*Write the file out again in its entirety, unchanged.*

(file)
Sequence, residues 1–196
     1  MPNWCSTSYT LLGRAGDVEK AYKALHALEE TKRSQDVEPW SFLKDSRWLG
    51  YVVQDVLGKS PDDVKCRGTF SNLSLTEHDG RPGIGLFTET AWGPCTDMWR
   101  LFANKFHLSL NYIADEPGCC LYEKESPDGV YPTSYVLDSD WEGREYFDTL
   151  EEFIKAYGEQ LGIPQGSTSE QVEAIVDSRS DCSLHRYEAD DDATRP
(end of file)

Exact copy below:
Sequence, residues 1–196
     1  MPNWCSTSYT LLGRAGDVEK AYKALHALEE TKRSQDVEPW SFLKDSRWLG
    51  YVVQDVLGKS PDDVKCRGTF SNLSLTEHDG RPGIGLFTET AWGPCTDMWR
   101  LFANKFHLSL NYIADEPGCC LYEKESPDGV YPTSYVLDSD WEGREYFDTL
   151  EEFIKAYGEQ LGIPQGSTSE QVEAIVDSRS DCSLHRYEAD DDATRP